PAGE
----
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5-Year-Old Newington Boy Helps Prevent Larger Fire at House


A 5-year-old boy is being called a hero after helping prevent a fire from completely engulfing his neighbor's home in Newington. 

On Tuesday, Matthew Cook told his mom he saw smoke coming from his neighbor's house, Newington Police said. 

Emergency crews responded to the home after getting a 911 call.

Police said the resident was in the shower when the smoke was spotted. Had Cook "not been so quick to let an adult know", the house would've been taken over by flames, according to police. 

Cook was invited to have lunch with Newington Officer Dean Corriveau and Chief Chris Schroeder as a reward for his effots. The boy got to spend time at the station and see how law enforcement works.

Facebook's Ban on Private Gun Sales


Back in January, Facebook moved to ban private gun sales on its platforms, but its enforcement of the policy has been lax at best.

A reporter from BuzzFeed News decided to test the social network's policy last week and was able to pick up an AR-15 variant, a weapon similar to the ones used in recent mass shootings in Connecticut, Colorado and San Bernardino, according to his report Wednesday.

The reporter, Alex Kantrowitz, said he found the gun, negotiated a purchase price and agreed to buy the weapon, all through Facebook.

Kantrowitz reported that he found the seller through Facebook Groups, where there are hundreds of buy/sell/trade groups, including several gun enthusiast groups. In one of these groups, the seller had posted a photo of the AR-15, with all the specs, and Kantrowitz messaged him directly. The seller replied the next morning using Facebook Messenger.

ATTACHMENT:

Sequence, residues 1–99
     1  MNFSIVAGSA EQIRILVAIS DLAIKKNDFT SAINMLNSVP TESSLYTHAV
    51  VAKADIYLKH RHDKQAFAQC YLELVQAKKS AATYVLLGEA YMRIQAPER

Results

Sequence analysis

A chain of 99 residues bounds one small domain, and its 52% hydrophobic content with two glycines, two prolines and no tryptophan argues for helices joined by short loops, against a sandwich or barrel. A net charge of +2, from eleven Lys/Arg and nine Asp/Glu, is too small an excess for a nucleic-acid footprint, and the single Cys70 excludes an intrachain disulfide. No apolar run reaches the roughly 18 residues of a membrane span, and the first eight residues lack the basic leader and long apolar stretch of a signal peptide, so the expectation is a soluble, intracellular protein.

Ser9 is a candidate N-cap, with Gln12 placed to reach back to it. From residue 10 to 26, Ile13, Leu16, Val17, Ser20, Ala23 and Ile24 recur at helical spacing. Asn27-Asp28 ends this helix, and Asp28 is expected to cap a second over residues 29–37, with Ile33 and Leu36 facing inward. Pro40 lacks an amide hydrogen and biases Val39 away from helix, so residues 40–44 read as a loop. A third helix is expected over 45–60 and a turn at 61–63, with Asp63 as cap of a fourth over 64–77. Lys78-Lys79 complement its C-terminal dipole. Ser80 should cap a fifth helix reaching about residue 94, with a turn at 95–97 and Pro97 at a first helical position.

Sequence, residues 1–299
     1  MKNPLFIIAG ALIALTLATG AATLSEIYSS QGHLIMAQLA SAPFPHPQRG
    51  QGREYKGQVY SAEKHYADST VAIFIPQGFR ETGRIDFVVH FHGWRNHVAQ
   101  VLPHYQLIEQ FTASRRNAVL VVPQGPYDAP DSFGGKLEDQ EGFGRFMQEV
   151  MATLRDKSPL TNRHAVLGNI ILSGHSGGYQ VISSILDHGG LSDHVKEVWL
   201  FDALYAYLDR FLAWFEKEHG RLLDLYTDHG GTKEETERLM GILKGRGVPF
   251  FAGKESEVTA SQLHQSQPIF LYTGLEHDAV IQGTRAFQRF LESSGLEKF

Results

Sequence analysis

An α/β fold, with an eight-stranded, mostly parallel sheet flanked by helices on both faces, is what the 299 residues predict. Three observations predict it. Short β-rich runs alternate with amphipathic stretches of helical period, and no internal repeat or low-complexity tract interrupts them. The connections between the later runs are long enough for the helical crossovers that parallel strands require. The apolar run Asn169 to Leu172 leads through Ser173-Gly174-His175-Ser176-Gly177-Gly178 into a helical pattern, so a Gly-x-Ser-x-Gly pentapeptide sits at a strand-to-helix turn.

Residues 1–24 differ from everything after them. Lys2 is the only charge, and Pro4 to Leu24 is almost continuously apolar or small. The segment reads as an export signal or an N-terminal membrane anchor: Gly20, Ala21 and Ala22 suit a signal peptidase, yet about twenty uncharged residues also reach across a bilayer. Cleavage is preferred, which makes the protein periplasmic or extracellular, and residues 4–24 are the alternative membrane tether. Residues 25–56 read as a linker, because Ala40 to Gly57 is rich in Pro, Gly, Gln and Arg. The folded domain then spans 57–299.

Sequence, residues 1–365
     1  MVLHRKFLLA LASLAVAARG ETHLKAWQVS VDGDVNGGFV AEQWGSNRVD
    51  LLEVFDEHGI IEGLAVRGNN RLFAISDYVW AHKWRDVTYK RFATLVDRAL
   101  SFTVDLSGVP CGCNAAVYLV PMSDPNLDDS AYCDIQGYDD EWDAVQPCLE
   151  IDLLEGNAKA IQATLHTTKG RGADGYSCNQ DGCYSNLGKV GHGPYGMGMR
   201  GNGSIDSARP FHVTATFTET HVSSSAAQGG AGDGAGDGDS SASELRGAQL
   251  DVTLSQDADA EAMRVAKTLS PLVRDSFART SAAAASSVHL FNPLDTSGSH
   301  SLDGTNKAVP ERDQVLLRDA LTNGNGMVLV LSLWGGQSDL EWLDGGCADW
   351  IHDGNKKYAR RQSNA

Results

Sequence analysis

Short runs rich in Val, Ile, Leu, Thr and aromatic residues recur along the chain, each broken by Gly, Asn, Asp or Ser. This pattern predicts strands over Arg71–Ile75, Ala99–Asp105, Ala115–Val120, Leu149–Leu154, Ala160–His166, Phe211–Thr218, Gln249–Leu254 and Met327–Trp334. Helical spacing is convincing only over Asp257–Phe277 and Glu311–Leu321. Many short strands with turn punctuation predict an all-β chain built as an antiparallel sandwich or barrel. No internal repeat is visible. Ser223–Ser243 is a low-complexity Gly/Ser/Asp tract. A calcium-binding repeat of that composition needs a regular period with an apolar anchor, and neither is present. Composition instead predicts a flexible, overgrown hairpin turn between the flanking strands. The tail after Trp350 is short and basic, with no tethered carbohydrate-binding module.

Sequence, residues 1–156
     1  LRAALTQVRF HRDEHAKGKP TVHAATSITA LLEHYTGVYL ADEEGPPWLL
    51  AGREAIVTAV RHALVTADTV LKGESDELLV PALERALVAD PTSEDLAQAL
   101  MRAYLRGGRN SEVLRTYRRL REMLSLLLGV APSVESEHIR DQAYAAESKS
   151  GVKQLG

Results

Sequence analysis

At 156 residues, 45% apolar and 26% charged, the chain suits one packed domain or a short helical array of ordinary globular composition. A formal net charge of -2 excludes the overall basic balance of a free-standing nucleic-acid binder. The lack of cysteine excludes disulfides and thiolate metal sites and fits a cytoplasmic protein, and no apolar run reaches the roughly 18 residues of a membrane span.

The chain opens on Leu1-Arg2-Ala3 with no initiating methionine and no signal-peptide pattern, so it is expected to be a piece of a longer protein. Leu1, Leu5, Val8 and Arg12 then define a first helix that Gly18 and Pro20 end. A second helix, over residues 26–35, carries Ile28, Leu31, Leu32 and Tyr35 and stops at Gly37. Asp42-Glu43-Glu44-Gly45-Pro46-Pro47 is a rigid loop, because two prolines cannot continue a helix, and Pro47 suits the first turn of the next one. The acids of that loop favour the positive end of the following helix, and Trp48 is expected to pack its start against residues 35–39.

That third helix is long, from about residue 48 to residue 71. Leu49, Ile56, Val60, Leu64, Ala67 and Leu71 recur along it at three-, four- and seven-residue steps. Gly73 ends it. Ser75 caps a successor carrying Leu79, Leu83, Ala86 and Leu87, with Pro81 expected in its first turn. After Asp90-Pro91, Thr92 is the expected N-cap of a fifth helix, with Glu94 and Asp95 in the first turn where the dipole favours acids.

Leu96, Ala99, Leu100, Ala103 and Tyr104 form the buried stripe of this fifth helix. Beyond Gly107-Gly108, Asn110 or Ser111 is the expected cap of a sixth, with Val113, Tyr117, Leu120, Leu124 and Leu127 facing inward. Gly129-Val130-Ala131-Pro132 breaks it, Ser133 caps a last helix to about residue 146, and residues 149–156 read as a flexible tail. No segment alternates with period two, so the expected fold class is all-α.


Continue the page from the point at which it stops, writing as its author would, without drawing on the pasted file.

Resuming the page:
Facebook released the following statement in response to the BuzzFeed report:

"The purchase, sale or trade of firearms between private individuals is not allowed on Facebook. When we become aware of any content that violates our community standards, we remove it immediately. We have teams around the globe, speaking more than 40 languages, that work 24-hours-a-day, seven-days-a-week to ensure continuous review of more than a million pieces of content reported each day for violating our standards."

In January, Facebook said it would rely on its users to report any violations of the new rules and would remove any post that violated the policy, according to a New York Times report. Beyond that, the company said it could ban users or severely limit the ways they post on Facebook, depending on the type and severity of violations, the Times report said.

Photo Credit: Getty Images

Men's Gymnastics: Uchimura Does It Again, Holds Off Verniaie


Kohei Uchimura produced the performance of his life on the high bar to come back and just barely beat Oleg Verniaiev to defend his Olympic all-around gymnastics title by a tenth of a point.

Verniaiev led Uchimura going in to the last rotation and appeared ready to close it out. But the man known as King Kohei produced a sterling 15.8 on the high bar that wound up being just enough. Verniaiev followed Uchimura and hopped on his landing, leaving the door open for the judges.

The 22-year-old Verniaiev turned in a 16.1 on parallel bars that appeared good enough for gold, but the six-time world champion showed why he's still the best, even if just barely — the final margin was 92.365-92.266.

Britain’s Max Whitlock won bronze with 90.641. Uchimura, who hasn't lost since the 2008 Beijing Olympics, is the first man since Sawao Kato in 1968 and 1972 to win two consecutive all-around Olympic titles.

Americans Sam Mikulak and Chris Brooks finished well off the podium. Mikulak, who finished fifth on the vault in 2012, was seventh. Brooks was 14th.

Photo Credit: Getty Images

Small Tornado Touches Down in North Haven


The National Weather Service confirms it was an EF0 tornado touched down in the Montowese section of North Haven on Wednesday afternoon.

Dramatic images show debris getting sucked up into a rotation and downed trees left in the wake of the storm.

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The storm came through around a three-block area, including Governors Drive, where trees are down and appear to have been splintered by the storm. The tornado touched down around 1:30 p.m.

Residents who witnessed the storm report seeing clouds spinning and videos sent in show rotating clouds and strong winds.